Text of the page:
Positive outlook for some European solar thermal market segments, despite disappointing overall results
In 2014, although the European solar thermal market experienced an overall decrease of around 7% in newly installed capacity, at the end of the year the total installed capacity increased by 5.3%. While this is the third consecutive year of decline for market leader Germany, some markets are bucking the trend.
The European solar heating and cooling sector is still feeling the impact of the economic crisis with lower sales in some of its largest markets. There are several main contributing factors to this sluggish performance, such as low gas prices, difficulty in accessing finance for consumers, stagnating construction sector, fewer public support schemes for solar thermal and competition from other energy sources with more attractive market incentives.
In 2014 some positive signs came from two of the largest European markets, Greece and Spain, which have grown by around 19% and 10% respectively. In Greece this was the result of greater investments in the tourism sector and in Spain this was achieved thanks to a good performance in Andalusia.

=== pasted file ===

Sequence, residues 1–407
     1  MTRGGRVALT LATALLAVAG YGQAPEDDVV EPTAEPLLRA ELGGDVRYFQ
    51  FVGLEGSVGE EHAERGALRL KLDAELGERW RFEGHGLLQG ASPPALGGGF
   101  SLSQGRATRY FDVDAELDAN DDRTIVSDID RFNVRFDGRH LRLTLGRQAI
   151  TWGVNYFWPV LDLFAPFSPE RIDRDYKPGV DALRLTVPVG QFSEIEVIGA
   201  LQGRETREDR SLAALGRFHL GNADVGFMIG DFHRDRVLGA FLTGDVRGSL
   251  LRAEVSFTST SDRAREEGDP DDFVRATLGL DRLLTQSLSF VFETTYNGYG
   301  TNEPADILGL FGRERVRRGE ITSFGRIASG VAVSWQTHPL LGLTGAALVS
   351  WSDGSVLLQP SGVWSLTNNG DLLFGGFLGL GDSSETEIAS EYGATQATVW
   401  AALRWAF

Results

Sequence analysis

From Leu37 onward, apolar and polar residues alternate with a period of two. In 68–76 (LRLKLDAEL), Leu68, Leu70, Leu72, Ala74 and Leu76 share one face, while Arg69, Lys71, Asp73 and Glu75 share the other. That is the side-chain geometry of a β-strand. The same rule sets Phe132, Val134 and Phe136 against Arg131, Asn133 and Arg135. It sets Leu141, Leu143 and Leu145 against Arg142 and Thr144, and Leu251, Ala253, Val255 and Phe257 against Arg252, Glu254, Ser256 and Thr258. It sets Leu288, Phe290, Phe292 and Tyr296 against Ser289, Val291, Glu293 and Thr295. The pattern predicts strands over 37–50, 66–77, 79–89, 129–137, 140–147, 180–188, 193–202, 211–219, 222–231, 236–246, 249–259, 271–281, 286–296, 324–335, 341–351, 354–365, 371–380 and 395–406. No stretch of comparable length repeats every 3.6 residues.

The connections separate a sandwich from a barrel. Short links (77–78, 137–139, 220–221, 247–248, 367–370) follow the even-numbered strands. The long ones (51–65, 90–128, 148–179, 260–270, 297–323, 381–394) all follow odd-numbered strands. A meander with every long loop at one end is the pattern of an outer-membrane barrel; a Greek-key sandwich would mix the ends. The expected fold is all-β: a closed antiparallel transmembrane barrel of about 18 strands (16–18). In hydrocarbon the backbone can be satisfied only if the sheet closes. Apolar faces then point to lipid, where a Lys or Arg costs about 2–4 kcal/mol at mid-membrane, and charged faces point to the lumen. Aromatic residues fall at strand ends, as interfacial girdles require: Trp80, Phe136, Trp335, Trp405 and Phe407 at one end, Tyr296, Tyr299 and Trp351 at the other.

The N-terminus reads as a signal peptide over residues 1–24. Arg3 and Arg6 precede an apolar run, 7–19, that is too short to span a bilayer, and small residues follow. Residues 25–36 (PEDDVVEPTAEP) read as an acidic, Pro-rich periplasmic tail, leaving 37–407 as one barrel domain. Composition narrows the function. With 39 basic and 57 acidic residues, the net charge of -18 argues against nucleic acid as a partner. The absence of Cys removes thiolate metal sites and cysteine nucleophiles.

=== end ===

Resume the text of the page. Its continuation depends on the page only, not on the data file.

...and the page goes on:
In Germany, the introduction of improvements to the MAP incentive scheme should sow the seeds for recovery in Europe’s largest solar thermal market. Growth potential has been identified in some market segments, particularly in the booming decentralized large-scale heating sector in Denmark. ‘We can see positive developments for the commercial, industrial and district heating applications. These segments are still quite small compared with the residential market; however, their growth over such a short period has confirmed their huge potential’ commented Robin Welling, ESTIF President.
‘The solar thermal technology can play an important part in meeting the EU indicative targets, provided appropriate corrective action is taken by the member states to remove the barriers hindering its full deployment. Europe cannot afford to lose this opportunity to release the untapped free supply of solar energy!’ added Pedro Dias, ESTIF Secretary General.